Thibault Cavalié — Millimeter/submillimeter observations and modeling of chemistry and dynamics in Solar System Giant Planet atmospheres

Quand :
27 novembre 2018 @ 11 h 00 min – 12 h 00 min
Où :
Univers 21

Better understanding Solar System Giant Planet formation and evolution requires in situ measurements, remote sensing observations either with telescopes or planetary missions, and modeling. While more and more exoplanets are discovered every day and while we will better characterize them with new observatories like JWST, the planets of the Solar System remain our local laboratory for studying formation and evolution of such bodies. The (sub)millimeter domain, owing to the very high spectral resolution of the heterodyne technique and to the ever increasing spatial resolution and sensitivity of new observatories like ALMA, is suitable for determining planetary atmospheric composition and dynamics when coupled with appropriate radiative transfer, photochemical or thermochemical modeling.


In this seminar, I will summarize 10 years of observations and modeling of the Solar System Giant Planets I have been involved in.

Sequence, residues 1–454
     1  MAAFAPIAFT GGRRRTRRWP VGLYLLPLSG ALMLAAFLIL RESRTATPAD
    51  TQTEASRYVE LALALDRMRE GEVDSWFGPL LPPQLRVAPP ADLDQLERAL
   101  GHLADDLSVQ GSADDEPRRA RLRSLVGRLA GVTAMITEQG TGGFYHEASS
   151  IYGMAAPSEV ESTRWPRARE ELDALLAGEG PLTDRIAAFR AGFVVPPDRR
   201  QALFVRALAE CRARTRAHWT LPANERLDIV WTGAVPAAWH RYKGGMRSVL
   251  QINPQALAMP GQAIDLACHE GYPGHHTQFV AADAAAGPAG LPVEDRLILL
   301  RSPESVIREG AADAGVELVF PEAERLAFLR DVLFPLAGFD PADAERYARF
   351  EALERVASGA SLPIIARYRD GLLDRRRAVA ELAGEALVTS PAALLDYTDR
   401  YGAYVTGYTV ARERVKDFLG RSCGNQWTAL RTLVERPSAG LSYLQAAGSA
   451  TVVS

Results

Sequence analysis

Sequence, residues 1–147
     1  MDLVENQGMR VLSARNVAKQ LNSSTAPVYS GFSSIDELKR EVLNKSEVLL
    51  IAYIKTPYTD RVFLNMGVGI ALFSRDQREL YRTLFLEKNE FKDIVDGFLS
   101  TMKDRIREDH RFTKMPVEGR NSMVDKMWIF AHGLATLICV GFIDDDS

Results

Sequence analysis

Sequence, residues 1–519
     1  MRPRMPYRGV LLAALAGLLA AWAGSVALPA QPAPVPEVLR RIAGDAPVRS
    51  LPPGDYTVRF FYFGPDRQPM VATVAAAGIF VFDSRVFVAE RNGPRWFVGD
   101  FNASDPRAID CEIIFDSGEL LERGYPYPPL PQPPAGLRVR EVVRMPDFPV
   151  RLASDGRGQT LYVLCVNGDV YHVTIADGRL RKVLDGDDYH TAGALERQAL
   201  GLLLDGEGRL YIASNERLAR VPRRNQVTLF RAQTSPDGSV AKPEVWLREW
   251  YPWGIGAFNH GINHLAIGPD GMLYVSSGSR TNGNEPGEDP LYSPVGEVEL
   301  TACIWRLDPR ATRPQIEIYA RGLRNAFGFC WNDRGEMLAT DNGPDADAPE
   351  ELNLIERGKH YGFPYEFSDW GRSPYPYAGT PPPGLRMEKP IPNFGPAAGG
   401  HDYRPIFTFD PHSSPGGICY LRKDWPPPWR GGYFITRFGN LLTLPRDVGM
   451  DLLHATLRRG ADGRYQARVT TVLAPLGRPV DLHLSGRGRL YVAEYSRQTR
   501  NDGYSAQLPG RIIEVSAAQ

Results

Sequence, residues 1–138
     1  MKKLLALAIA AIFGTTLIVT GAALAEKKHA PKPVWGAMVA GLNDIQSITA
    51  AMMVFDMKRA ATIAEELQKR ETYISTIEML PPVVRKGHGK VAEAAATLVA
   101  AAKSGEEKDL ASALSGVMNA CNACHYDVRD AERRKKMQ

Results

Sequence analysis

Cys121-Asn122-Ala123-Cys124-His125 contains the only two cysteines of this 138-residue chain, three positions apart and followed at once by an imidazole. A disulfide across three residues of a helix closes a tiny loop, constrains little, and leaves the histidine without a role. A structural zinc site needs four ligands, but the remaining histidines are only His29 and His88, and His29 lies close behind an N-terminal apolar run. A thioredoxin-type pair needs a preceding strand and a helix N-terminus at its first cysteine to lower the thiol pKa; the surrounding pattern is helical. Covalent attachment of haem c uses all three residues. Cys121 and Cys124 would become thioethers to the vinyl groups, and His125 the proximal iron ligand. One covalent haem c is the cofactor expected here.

I will first show that thermochemical modeling of the deep tropospheres of the Giant Planets can help us establish their deep composition to constrain their formation processes. The next step is the participation in an atmospheric probe proposal for the Ice Giants, and the development of its mass spectrometer, in preparation for a NASA-ESA joint flagship mission to these distant worlds.

I will also show how observations and time-dependent 1D or 2D photochemical modeling have enabled us to improve our understanding of how the composition and chemistry in the stratospheres of the Giant Planets are altered by seasons and external sources. With ALMA, it is now even possible to directly measure winds in the stratospheres of the Giant Planets to constrain their stratospheric circulation.

Finally, I will present how the Submillimetre Wave Instrument of the Jupiter Icy Moons Explorer (JUICE) mission will allow us, in about a decade from now, to monitor Jupiter’s atmosphere, both in terms of chemistry and dynamics, and with spectral and spatial resolutions and temporal coverage never achieved before.